Standardizing Human Ability


Here’s a thought experiment.  Let’s try to imagine a society (there were lots of them before modernity) where there is no interest in measuring educational success.  Let’s imagine a society where the only goal of teaching (it’s a high bar) is to help every child master what they need in order to lead the most fulfilling life they are capable of leading—productive, creative, responsible, contributing to their own well-being and that of their society.  No grades.  No tests.  Just an educational system based on helping each child to find her or his potential for leading the

Professor Alec Couros: “The Connected Teacher”


One powerful benefit of networked learning is that when you find something interesting, it often leads to someone interesting – and that someone often leads to entire networks of interesting people. Or, as Dr. Alec Couros puts it, “the tools come and go, but the relationships endure.” I found Professor Couros the way many people did, by coming across the intriguing diagram of “The Networked Teacher” that many educators now use in their slide presentations. By the time I discovered Dr. Couros, now professor of educational technology and media at the University of Regina, I had

Web Literacies: What is the ‘Web’ Anyway?


I’ve recently started in a new role for the Mozilla Foundation. At least half of my job there is to come up with a framework, a White Paper, around the concept of ‘web literacies’. It’s got me thinking about both parts of that term — both the ‘web’ and the ‘literacies’. In this post I want to consider the first of these: what we mean by the ‘web’? I’ve already considered the latter in quite some detail in my doctoral thesis (available at neverendingthesis.com). Defining the Web Sometimes it’s important to step back from the things

Declaration of Interdependence


We have massive research and many evidences available…[ie: Diane Ravitch is declaring a bunch of them here, we’ve gathered particular ones here]…that what we’re doing in the name of public education is not serving us well. Perhaps we declare some new laws in regard to public education, in regard to interdependency. The term interdependency came as we were researching laws for homeless teens. While some states allow 14-year-olds to declare independence, often resulting in homelessness, some are trying to restate that to a declaration of interdependence where each teen is matched up with an adult. If

Programmable Pedagogy: Reconfiguring the Future of Learning


What is “pedagogy” and what does it do? In the digital age, the future of education is being redefined in relation to new technologies and digital media, and we are having to rethink what we understand by pedagogy and its possible effects on learners. What kinds of pedagogies, then, are being configured in discussions about the future of education, and how might they configure the future learner? Programmable Pedagogy Pedagogy is often taken to be a technical term for teaching. But it is important to define it a little more expansively. In its wider definition, pedagogy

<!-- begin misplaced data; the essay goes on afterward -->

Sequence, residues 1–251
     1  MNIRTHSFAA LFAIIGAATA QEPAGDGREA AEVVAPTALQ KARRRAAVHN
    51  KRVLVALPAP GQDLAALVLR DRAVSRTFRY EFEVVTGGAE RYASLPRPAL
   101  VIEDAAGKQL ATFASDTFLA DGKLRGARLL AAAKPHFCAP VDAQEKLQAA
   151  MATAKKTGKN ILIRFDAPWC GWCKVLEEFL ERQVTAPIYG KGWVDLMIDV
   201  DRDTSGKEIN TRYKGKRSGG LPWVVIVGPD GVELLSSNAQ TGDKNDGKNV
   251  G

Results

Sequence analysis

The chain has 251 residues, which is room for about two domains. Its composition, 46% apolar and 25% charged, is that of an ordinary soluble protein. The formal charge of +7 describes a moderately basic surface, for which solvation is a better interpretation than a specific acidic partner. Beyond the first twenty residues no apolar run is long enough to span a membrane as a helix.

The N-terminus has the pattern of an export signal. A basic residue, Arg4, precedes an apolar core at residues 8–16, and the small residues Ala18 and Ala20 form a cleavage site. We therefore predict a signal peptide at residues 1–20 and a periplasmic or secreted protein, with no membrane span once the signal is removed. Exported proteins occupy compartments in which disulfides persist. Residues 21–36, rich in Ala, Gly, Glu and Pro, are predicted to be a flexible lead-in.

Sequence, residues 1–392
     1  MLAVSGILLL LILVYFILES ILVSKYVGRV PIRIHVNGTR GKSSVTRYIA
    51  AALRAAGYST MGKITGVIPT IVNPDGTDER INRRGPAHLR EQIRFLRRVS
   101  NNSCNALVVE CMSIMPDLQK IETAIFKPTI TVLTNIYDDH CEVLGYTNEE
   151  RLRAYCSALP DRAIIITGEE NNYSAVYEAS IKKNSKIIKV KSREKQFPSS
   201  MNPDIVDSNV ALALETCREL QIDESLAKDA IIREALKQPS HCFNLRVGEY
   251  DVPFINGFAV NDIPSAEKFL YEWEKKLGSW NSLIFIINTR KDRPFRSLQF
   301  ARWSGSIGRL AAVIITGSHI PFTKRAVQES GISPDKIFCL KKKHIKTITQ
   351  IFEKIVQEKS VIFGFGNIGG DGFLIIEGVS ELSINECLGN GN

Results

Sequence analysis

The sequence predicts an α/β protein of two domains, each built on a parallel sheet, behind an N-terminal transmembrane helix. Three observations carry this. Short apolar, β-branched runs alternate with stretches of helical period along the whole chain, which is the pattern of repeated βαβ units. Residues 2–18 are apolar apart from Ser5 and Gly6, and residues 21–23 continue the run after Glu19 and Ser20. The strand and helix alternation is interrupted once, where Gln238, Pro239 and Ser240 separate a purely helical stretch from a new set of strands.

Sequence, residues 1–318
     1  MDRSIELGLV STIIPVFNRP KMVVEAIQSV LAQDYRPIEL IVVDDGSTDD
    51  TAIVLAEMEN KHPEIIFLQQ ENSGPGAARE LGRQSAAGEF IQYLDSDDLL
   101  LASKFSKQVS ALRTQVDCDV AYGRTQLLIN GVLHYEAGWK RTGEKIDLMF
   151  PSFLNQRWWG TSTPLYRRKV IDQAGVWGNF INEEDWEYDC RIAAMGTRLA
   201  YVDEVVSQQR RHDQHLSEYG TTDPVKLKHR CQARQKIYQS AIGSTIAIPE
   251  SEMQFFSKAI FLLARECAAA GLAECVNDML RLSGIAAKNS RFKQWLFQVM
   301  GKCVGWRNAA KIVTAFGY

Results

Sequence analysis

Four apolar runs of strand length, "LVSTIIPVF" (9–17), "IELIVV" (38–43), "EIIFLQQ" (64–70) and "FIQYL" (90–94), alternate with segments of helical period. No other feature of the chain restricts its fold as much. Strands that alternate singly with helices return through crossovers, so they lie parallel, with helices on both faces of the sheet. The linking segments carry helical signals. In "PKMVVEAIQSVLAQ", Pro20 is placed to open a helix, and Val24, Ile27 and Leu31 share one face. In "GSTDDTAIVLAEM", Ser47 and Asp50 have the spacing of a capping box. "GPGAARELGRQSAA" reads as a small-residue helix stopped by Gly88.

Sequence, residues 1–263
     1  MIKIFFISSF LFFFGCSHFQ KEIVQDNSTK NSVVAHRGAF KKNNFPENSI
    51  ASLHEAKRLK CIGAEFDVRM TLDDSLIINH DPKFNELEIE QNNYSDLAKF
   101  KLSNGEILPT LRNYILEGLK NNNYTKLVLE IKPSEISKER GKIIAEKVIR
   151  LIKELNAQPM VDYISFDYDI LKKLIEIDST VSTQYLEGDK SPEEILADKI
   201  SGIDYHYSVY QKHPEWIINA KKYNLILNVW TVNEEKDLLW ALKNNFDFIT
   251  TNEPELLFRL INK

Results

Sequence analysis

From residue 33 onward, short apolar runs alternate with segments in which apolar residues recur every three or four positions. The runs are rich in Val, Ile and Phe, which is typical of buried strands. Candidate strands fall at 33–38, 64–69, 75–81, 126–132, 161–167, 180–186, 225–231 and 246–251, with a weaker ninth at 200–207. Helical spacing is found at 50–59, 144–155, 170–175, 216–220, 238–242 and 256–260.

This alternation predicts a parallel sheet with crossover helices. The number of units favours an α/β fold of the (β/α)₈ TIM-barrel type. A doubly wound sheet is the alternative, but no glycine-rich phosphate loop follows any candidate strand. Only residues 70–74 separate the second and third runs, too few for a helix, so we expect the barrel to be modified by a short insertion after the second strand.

Writing Without Networks


In his essay, “Is Google Making Us Stupid?,” Nicholas Carr relates an exchange between Nietzsche and one of his friends, in which the friend remarked that the philosopher’s writing style had changed after he began to use a typewriter. As Carr tells us, Nietzsche’s reply was to agree, stating, “our writing equipment takes part in the forming of our thoughts.” Those who study technology (Carr credits Kittler, who has written extensively about the effects of technology on culture, as the source of the Nietzsche story) tend to readily agree with these conclusions: technologies impact our behavior

Hacking the Curriculum 101


At a time when so many teachers and administrators fear and forbid student access to the internet from school, a high school teacher on the California coast is encouraging students by the hundreds to blog, Skype, gamify, and mindmap collaboratively in public. Problems? Zero. Enthusiasm — I can personally testify as one of the people Dr. Preston invited to videoconference with his students — blows the roof off. Preston’s students are enthusiastic about the texts, the ideas, the possibility of reaching out to the authors of those texts and inviting them into the class, and the

Revisiting Techno-euphoria


In my last post, I talked about techno-euphoria as a condition that seems to mark much of our discourse around digital technologies and the promise of the future. The euphoria, as I had suggested, manifests itself either as a utopian view of how digital technologies are going to change the future that we inhabit, or woes of despair about how the overdetermination of the digital is killing the very fibre of our social fabric. A way out of it, for some of us working with young people and their relationships with (as opposed to usage of)

Back to the Drawing Board


For people on the academic calendar, resolutions tend to be undertaken in the summer months rather than at the start of the new year in January.  This summer I am picking up a pencil and rethinking my relationship to visual communication with a resolution to spend more time in the weeks to come drawing.  I would urge others in the DML community to try to do the same. To prepare myself for this task, I’ve bought some sketchbooks and pencils for the first time in decades.  Of course, this activity feels strange to hands that have spent so